BIO: Dr. Benjamin Ritter is a leadership and career coach, values geek, regional learning manager for Young Presidents Organization (YPO), national speaker, podcaster, author, mentor, and is passionate about guiding others in finding, creating, and sustaining a career they love.
STORY: For a very long time, Benjamin worked different jobs trying to find an employer that would give him the satisfaction he was craving. It was only years later, and after doing a couple of jobs that left him unhappy, he realized it doesn’t matter where he works. What matters is how he works and how he thinks about his work.
LEARNING: To have job satisfaction, you must change the way you perceive work and the value you take away from it. Live each day with intention.
“You are not a product of where you work, but you can make the work a product of you.”
Dr. Benjamin Ritter is a leadership and career coach, values geek, regional learning manager for Young Presidents Organization (YPO), national speaker, podcaster, author, mentor, and is passionate about guiding others in finding, creating, and sustaining a career they love.
From empowering young professionals to get unstuck, guiding senior leadership on how to stand out from the competition, and developing executive presence, Ben is an expert in his field and will guide you toward truly living for yourself at work and in life.
Benjamin wanted to be a professional athlete when he was younger, so he never imagined himself sitting behind a desk working the nine to five. He also had a dad who was an entrepreneur, and he would take Benjamin on home remodeling jobs. A traditional job was, therefore, not on Benjamin’s mind when he was growing up.
So when it was time for Benjamin to join the workforce, after not becoming a professional athlete, he didn’t know what he wanted to do and where he wanted to do it. But he ended up finding a couple of things he was passionate about.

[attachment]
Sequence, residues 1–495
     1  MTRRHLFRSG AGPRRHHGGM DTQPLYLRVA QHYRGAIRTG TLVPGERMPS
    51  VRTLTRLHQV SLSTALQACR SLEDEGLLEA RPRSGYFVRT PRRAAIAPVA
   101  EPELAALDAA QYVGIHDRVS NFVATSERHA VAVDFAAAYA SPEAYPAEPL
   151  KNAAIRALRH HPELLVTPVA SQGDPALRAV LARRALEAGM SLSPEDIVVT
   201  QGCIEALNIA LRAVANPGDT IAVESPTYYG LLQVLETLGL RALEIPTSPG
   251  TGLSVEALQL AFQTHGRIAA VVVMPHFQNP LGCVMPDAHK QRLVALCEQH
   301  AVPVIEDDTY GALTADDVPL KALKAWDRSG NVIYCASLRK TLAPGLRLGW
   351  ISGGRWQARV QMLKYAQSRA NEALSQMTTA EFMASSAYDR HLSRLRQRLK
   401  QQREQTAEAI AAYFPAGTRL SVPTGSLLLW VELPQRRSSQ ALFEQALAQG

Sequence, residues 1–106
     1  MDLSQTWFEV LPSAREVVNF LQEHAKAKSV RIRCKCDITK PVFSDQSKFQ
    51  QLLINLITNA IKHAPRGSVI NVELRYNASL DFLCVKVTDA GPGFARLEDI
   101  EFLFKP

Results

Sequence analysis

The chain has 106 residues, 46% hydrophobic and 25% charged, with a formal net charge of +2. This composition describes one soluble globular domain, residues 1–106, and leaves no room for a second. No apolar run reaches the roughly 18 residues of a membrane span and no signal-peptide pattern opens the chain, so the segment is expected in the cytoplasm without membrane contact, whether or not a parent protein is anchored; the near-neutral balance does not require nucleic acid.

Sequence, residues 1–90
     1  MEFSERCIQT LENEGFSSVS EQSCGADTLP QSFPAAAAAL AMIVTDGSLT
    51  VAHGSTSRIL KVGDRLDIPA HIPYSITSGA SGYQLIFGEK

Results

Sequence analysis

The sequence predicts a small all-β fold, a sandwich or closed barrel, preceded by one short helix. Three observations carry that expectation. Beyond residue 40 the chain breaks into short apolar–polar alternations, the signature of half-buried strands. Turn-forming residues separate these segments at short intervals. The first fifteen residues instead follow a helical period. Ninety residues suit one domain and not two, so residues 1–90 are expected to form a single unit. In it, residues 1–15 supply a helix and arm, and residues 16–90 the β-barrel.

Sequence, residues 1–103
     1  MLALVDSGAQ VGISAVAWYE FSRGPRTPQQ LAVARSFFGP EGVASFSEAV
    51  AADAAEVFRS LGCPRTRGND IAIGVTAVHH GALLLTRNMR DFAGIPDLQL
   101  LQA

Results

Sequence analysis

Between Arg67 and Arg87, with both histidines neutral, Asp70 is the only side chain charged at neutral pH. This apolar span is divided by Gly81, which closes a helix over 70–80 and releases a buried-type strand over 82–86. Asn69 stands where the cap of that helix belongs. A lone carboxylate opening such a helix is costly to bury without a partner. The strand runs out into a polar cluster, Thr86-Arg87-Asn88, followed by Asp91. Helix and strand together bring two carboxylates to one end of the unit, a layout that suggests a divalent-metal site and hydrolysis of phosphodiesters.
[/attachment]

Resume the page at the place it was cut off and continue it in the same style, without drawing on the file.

Benjamin got involved in public health policy and entrepreneurship in a variety of ways. He ended up in healthcare administration, an area that he never thought of. But he was happy to have a job where he was creating real direct outcomes for people. He did this for seven years.
Within the seven years Benjamin worked in healthcare, he got promoted to an executive-level position and was on the road to becoming a higher-level executive or CEO.
Even with all this success, Benjamin was unhappy to the point where he stopped volunteering for work. He just did as little as possible to get by. He felt stuck, unfulfilled, and dreaded his job. This dread leaked into Benjamin’s work, romantic, and family relationships. He was walking around this dark cloud over his head. He walked into the office one day and realized just how miserable he was. It hit him that this was not how his life was meant to be.
Benjamin realized that he needed to step back and see the bigger picture. He finally realized that he thought that his organization was supposed to give him meaning. That it was supposed to provide him with job satisfaction and make him happy. And for this reason, he had given all his power to his employer, which made him resentful.
Now Benjamin understood that it does not matter where he works. What matters is how he works and how he thinks about his work. That realization led to some pretty amazing things, and that’s how he got to where he is today.
We are all accountable for our levels of job satisfaction. You have to change the way you perceive work and the value you take away from it. So when you walk into the office, or when you open your computer to start your workday, if you are thinking negatively about your job, of course, you are going to have a negative experience. If you feel your work is worthless, it’s going to be worthless.
If you’re going into every single day without the intention to take something from it, you’re going to take nothing. If your job feels worthless, then change your career to what you need it to be. Then show up and make the most of it.
Life is not meant to be complicated. If somebody is complicating things or you find yourself complicating your life, stop and make it simple.
What you get out of something is what you put into it. So whatever effort you put into personal development will determine what you become.
Take some time and make a list with three categories. One is what’s the work you love to do, and two is the people you love to work with, and three is the positive impact you see from the work you do daily. Every single day, try to nudge your job a little bit more towards one of these categories. If you do that, you are going to evolve in your career in a positive way naturally.
Benjamin’s number one goal for the next 12 months is to finish writing his next book.
“We are greater than our purpose, and if we can rise above it and realize that we’re greater than it, we realize that life is more important than it.”